Court of Criminal Appeals of Tennessee, Knoxville
Assigned on Briefs April 24, 2018
from the Criminal Court for Sullivan County No. S66911,
S67168 R. Jerry Beck, Judge
Michael C. Carter, was charged via presentment with one count
of failure to appear, one count of being a habitual traffic
offender, one count of failure to provide law enforcement
evidence of financial responsibility, one count of operating
a motor vehicle on a public road with a false registration,
and one count of failure to dim headlights within 500 feet of
an oncoming vehicle. Defendant pled guilty and was sentenced
to an effective sentence of four years in incarceration.
Defendant appeals to this Court, arguing that the trial court
improperly denied alternative sentencing. After a complete
review of the record, we affirm the judgments of the trial
R. App. P. 3 Appeal as of Right; Judgments of the Criminal
Stephen M. Wallace, District Public Defender; M. Tyler
Harrison, Assistant District Public Defender, for the
appellant, Michael C. Carter.
Herbert H. Slatery III, Attorney General and Reporter; Ruth
Anne Thompson, Senior Counsel; Barry P. Staubus, District
Attorney General; and Mitchell B. Watson, Assistant District
Attorney General, for the appellee, State of Tennessee.
Timothy L. Easter, J., delivered the opinion of the court, in
which Alan E. Glenn and Robert H. Montgomery, Jr., JJ.,
TIMOTHY L. EASTER, JUDGE
September of 2016, Defendant was charged by the Sullivan
County Grand Jury with one count of felony failure to appear.
In November of 2016, the Sullivan County Grand Jury returned
a four-count presentment charging Defendant with one count of
being a habitual traffic offender, one count of failure to
provide law enforcement evidence of financial responsibility,
one count of operating a motor vehicle on a public road with
a false registration, and one count of failure to dim
headlights within 500 feet of an oncoming vehicle. On April
7, 2017, Defendant entered guilty pleas to all five counts,
leaving the manner of service and length of the sentence for
the determination of the trial court. The transcript of the
guilty plea hearing does not appear in the record on appeal.
sentencing hearing, Defendant sought an alternative sentence.
Defendant testified that he was sixty-three years of age and
that it had been six years since he had a criminal
conviction. Defendant admitted that he used to have a problem
"drinking beer" but that he quit drinking because
it "tormented everybody [he] was associated with . . .
disrupted [his family], [and] cost [him] money" as well
as "jail time." Defendant admitted that he had a
significant criminal history and that he failed to complete a
probationary sentence in the past because his wife was having
surgery and he missed a weekend in jail. As a result of
the violation, Defendant served 128 days in incarceration.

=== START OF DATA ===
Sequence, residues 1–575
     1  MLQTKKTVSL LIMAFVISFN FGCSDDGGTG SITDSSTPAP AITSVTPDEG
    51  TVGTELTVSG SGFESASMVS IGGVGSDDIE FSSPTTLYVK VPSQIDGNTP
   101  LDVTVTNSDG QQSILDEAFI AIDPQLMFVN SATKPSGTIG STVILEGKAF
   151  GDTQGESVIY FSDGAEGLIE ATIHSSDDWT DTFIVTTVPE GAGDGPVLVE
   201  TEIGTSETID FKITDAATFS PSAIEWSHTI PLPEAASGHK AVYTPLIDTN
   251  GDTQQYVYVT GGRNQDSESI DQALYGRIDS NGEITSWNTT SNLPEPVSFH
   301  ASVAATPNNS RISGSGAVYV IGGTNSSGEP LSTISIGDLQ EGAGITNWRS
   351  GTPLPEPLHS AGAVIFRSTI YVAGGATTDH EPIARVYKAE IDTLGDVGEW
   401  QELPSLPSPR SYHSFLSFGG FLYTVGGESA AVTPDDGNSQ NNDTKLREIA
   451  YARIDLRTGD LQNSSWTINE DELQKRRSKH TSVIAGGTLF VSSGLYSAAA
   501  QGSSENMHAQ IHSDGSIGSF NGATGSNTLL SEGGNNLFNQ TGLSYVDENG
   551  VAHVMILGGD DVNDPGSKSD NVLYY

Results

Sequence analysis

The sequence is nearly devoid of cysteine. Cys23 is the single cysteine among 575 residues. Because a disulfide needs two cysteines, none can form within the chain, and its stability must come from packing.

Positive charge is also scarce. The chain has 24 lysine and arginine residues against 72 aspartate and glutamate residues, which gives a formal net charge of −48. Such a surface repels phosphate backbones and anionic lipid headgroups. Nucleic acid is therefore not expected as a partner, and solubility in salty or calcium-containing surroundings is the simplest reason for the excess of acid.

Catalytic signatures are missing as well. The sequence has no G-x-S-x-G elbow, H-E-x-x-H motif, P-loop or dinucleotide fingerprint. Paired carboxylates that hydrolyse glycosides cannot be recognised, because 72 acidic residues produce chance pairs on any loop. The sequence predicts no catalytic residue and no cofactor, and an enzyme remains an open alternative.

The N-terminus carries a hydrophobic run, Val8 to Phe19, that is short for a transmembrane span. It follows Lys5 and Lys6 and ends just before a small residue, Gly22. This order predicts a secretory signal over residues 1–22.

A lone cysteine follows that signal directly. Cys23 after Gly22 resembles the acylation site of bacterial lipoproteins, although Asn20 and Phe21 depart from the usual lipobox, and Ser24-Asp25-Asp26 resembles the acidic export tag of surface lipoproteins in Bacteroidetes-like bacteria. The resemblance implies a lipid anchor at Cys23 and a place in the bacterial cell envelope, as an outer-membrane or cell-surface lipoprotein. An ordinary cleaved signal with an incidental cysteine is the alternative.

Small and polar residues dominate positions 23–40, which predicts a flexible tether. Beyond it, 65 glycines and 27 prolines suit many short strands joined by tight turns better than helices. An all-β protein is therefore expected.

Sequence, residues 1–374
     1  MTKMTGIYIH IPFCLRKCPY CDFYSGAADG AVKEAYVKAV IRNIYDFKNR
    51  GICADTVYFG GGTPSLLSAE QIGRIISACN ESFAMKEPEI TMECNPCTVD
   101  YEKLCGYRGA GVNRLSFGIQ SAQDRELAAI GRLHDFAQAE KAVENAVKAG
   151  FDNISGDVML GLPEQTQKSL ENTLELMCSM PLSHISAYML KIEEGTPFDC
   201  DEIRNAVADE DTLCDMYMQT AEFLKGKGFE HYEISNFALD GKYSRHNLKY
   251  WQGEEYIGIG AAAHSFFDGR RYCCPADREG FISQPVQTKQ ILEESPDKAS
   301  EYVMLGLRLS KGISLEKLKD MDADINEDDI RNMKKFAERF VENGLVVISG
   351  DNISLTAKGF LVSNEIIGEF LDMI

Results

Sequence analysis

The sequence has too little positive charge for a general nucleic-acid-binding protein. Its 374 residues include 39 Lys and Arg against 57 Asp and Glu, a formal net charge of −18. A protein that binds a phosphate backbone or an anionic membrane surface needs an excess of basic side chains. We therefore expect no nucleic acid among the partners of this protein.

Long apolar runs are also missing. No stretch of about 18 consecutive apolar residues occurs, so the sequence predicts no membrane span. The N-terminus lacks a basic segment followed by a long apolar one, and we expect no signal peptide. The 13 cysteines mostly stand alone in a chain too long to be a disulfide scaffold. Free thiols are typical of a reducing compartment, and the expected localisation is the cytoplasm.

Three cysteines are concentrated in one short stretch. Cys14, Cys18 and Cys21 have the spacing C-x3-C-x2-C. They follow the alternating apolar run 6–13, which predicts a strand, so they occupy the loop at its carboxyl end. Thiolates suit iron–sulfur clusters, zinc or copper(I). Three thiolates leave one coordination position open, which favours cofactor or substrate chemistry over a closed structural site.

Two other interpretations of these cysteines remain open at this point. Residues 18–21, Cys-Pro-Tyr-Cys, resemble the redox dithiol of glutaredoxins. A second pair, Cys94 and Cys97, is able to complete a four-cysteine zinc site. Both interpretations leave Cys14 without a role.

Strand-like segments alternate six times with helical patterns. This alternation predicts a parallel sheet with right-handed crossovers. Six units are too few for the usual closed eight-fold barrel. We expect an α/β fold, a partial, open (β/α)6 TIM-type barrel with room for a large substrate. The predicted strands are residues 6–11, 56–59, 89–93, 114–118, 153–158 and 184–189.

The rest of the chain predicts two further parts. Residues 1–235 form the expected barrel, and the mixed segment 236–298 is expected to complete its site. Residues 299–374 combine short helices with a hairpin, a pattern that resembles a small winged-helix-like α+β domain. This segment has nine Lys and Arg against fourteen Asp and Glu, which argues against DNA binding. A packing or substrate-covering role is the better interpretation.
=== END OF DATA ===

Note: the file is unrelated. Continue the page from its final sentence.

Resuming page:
Defendant explained that he was plagued by a bevy of health
problems, including one herniated disc in his neck, two
herniated discs in his lower back, a bad hip, restless leg
syndrome, high blood pressure, and heart problems. Defendant
had open heart surgery seven years prior to the sentencing
hearing. Defendant admitted that he experimented with
marijuana in high school but that he did not like it so he
discontinued using it. Defendant asked the trial court for a
"chance" to prove "that [he] can do right and
[he's] been doing right." Defendant admitted that he
picked up a charge for failure to appear in court while the
charges were pending because he "wrote [the date] down
on the calendar wrong."
trial court acknowledged that Defendant had a "long
record" coupled with a "long history of his own
admission of beer use" and that Defendant continued to
accumulate more convictions as he aged. The trial court
commented that Defendant was definitely getting older but it
did not appear he was getting "much wiser." The
trial court noted Defendant had three prior felonies
including a grand larceny, a failure to appear, and a
conviction for being a habitual traffic offender. However,
the trial court noted that the plea agreement called for
Defendant to be sentenced as a Range I offender. The trial
court noted that the failure to appear and habitual traffic
offender sentences were mandatorily consecutive and ordered
Defendant to serve his effective four-year sentence in
incarceration. The trial court commented it was difficult to
"be confident that [Defendant] would not be in further
trouble" and that Defendant presented a
"danger" to the community.
filed a timely notice of appeal.
appeal, Defendant challenges the trial court's denial of
an alternative sentence. Specifically, Defendant claims the
trial court abused its discretion by failing to properly
apply the ...